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‘Splatoon 3’ breaks Nintendo’s streak of shunning competitive players

(Washington Post illustration; Jordan Strauss/Invision for Nintendo/AP; Nintendo)

Two issues have plagued Nintendo games for years: issues with online competitive play and frequent complaints from fans that motion controls are more of a gimmick than a legitimate way to play. In those regards, “Splatoon 3” is a course correction.

Nintendo, often known as the “casual” brand among gamers, has long faced technical issues with online multiplayer, and hasn’t properly built out a catalogue for competitive gamers in the same way that Sony and Microsoft have. But “Splatoon 3,” which released Sept. 9, offers not just a functional online mode, but also a bevy of new side content, including rulesets that will speak to more competitive players, like Clam Blitz with speedrunners.

This is no mistake, according to Bill Trinen, senior director of product marketing at Nintendo of America. While it wasn’t a singular focus for the designers, Trinen, as well as other developers, kept their eye on Splatoon’s growing competitive scene.

“I was watching some of the more competitive Splatoon players as they were dabbling in the first demo version … Very quickly, we saw players already looking at Squid Roll and figuring out not just how to use it to be defensive, but how to use it to be offensive,” he said. Squid Roll, a new mechanic that offers invincibility frames as you dodge in Squid form, has been studied by the Splatoon community to figure out its offensive potential.

“It’s been really interesting to see the way that they’ve been exploring what’s possible,” notes Trinen.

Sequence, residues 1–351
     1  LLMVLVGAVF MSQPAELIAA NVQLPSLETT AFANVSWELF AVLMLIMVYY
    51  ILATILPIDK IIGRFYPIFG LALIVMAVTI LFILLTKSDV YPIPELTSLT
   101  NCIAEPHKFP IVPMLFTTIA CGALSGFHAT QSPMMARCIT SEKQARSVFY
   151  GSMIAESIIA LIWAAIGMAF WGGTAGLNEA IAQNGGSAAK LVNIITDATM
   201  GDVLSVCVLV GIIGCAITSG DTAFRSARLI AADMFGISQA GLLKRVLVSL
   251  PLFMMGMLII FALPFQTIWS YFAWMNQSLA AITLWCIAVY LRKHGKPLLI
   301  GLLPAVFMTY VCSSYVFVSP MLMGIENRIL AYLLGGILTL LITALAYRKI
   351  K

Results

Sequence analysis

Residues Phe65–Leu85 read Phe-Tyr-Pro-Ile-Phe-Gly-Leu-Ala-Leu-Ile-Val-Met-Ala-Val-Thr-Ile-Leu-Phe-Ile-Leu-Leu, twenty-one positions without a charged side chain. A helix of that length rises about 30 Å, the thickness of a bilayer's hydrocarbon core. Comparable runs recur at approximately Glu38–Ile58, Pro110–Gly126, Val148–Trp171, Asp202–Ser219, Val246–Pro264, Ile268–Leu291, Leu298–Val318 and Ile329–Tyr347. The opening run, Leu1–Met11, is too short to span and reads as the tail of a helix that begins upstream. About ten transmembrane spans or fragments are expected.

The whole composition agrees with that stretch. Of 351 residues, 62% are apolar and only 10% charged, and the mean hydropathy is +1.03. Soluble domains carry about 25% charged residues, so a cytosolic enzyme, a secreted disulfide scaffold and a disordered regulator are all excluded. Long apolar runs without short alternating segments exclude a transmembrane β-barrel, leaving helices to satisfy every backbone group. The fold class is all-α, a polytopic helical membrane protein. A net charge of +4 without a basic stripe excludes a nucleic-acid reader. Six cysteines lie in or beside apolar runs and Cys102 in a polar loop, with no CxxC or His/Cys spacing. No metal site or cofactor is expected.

Review: ‘Splatoon 3’ adds a fresh coat of paint to a proven formula

This level of nuance can also be found in the game’s take on motion controls. While it may seem like a joke at first, motion controls are the competitive community’s preferred method to play Splatoon, and “Splatoon 3” expands on what’s already worked in previous games. In a first for multiplayer shooters, motion controls in “Splatoon 3” offer much more accuracy and control than typical stick controls.

“I do use a mix of motion and stick,” Trinen said. (He uses the stick sparingly to turn the camera.) “What’s nice is that the motion gives you just that subtle accuracy with your aiming to begin with. It’s weird because it feels like there isn’t even a learning curve.”

“Splatoon 3” has received positive to mixed reviews from critics. I gave the game a 9.5 on Metacritic; I appreciated that it didn’t shake up the formula too much. Other reviewers, however, pointed to this as a weakness, arguing that the third game had not changed enough from the previous games to merit a purchase.

When asking about his take on these reviews, Trinen referred back to the competitive scene’s response.

“I haven’t had a chance to read many reviews yet, but I would almost wonder, you know, how well do they know the intricacies of Splatoon? Because as we have seen from the competitive players, the people that have played this game the most, they are looking at ‘Splatoon 3’ as an amazing, new game that they are all eager to dive into.”

“I feel like for some reason people like to try to pin [its sameness] on Splatoon in ways that they don’t try to pin it on other games of a similar genre.” he states. “There is a brand new single player story mode that has been evolved incredibly … that alone to me is worth it. And then I look at the ways that, you know, the new actions like squid roll, new abilities and new weapons … [they] are going to change up your approach to strategy. It’s going to change the way you play the game.”